The media mantra over the weekend, and they increasingly hyperventilated as the tone ramped up, was ‘What did the Pope know and when did he know it?’ Headlines by Sunday on the 24/7 news cycles were something having to do with ‘Calls for the Pope to resign!’
Yes, Benedict is beleaguered, as is the Church, but one casualty out of the public eye is truth. Or as National Catholic Reporter’s John Allen said, “the first casualty of any crisis is perspective,” and facts are surely falling and buried in all the orchestrated fury over the abuse crisis that’s erupted worldwide. He correctly notes in this good piece that “raising these questions is entirely legitimate,” but let’s get some things straight in this debate.
There are at least three aspects of Benedict’s record on the sexual abuse crisis which are being misconstrued, or at least sloppily characterized, in today’s discussion. Bringing clarity to these points is not a matter of excusing the pope, but rather of trying to understand accurately how we got where we are.
I’m very keen on clarity, so let’s go for it…
First, some media reports have suggested that then-Cardinal Joseph Ratzinger presided over the Vatican office with responsibility for the sex abuse crisis for almost a quarter-century, from 1981 until his election to the papacy in April 2005, and therefore that he’s responsible for whatever the Vatican did or didn’t do during that entire stretch of time. That’s not correct.
In truth, Ratzinger did not have any direct responsibility for managing the overall Vatican response to the crisis until 2001, four years before he became pope.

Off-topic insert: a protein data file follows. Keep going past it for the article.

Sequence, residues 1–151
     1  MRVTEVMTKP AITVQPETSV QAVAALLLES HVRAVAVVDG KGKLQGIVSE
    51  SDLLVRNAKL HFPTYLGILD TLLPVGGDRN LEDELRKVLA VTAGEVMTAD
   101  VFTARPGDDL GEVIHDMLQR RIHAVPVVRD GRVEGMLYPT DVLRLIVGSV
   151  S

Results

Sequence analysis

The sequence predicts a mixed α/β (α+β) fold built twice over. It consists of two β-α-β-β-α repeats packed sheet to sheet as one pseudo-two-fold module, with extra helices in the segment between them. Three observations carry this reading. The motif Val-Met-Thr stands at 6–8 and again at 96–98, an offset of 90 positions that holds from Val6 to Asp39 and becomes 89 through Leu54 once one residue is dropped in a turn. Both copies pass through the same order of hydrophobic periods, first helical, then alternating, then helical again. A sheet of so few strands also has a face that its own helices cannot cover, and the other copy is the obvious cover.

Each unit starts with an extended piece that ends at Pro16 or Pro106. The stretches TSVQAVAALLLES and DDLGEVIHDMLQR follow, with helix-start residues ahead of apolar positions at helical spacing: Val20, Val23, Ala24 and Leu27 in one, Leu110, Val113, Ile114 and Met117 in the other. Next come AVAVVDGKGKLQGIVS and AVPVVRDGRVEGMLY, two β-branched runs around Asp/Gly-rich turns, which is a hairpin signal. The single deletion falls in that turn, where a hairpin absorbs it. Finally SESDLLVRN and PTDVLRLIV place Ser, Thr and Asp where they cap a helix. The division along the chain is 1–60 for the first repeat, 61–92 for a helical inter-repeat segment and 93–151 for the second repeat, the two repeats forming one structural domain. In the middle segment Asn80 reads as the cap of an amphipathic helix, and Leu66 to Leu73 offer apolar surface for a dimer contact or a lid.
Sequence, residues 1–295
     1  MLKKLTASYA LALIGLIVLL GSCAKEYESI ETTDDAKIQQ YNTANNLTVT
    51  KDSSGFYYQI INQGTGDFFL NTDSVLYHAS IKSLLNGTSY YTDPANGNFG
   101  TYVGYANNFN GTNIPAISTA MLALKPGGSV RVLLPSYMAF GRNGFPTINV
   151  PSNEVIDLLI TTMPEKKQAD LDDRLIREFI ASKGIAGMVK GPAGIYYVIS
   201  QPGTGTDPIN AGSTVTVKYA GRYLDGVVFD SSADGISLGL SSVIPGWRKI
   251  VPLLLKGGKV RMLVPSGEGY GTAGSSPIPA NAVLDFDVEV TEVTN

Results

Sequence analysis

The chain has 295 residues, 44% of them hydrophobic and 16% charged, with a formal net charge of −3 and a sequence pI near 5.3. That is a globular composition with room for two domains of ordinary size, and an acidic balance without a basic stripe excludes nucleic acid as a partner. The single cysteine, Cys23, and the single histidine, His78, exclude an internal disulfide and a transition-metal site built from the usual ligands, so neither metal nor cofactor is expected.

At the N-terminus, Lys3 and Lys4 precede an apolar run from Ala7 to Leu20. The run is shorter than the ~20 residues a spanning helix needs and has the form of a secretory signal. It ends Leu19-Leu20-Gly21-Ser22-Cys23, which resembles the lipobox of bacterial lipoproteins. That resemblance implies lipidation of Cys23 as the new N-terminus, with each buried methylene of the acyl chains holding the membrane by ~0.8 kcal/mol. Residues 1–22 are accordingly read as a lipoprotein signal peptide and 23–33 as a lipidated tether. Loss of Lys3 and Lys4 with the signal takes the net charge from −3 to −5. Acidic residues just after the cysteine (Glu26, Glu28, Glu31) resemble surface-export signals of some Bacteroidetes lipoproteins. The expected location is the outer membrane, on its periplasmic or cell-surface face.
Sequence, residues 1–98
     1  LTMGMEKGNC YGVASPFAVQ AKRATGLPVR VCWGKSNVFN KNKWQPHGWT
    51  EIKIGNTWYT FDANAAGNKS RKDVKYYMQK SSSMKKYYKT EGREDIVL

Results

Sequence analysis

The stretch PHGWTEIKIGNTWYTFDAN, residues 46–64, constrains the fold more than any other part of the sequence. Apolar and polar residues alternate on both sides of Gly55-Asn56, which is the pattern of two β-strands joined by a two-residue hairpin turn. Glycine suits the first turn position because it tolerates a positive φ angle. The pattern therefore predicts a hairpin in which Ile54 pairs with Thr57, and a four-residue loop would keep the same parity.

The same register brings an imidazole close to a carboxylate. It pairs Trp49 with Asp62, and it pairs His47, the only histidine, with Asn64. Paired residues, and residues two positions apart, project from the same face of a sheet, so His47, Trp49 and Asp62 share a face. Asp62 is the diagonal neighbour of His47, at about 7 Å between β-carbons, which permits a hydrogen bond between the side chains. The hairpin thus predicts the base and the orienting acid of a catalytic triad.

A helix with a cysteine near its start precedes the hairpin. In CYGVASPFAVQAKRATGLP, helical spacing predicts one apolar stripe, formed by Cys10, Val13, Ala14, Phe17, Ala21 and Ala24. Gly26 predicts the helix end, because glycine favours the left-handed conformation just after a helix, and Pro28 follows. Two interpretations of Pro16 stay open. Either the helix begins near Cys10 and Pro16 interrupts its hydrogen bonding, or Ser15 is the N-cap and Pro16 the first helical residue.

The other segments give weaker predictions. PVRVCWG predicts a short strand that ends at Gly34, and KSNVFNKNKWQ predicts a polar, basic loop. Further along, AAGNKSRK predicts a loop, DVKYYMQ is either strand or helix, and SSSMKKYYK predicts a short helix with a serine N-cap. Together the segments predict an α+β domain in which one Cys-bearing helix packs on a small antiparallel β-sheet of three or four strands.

Bishops were not required to send cases of priests accused of sexual abuse to the Congregation for the Doctrine of the Faith until 2001, when they were directed to do so by Pope John Paul II’s motu proprio titled Sacramentorum sanctitatis tutela. Prior to that, most cases involving sex abuse never got to Rome.
So Ratzinger was “not the point man.” Now about that infamous letter…
In some reporting and commentary, a May 2001 letter from Ratzinger to the bishops of the world, titled De delictis gravioribus, is being touted as a “smoking gun” proving that Ratzinger attempted to thwart reporting priestly sex abuse to the police or other civil authorities by ordering the bishops to keep it secret.
That letter…was not intended to prevent anyone from also reporting these cases to the police or other civil authorities…
In reality, few bishops needed a legal edict from Rome ordering them not to talk publicly about sexual abuse. That was simply the culture of the church at the time, which makes the hunt for a “smoking gun” something of a red herring right out of the gate.
Now here’s the point about that 2001 letter, Allen says:
Far from being seen as part of the problem, at the time it was widely hailed as a watershed moment towards a solution. It marked recognition in Rome, really for the first time, of how serious the problem of sex abuse really is, and it committed the Vatican to getting directly involved…
For those who have followed the church’s response to the crisis, Ratzinger’s 2001 letter is therefore seen as a long overdue assumption of responsibility by the Vatican, and the beginning of a far more aggressive response.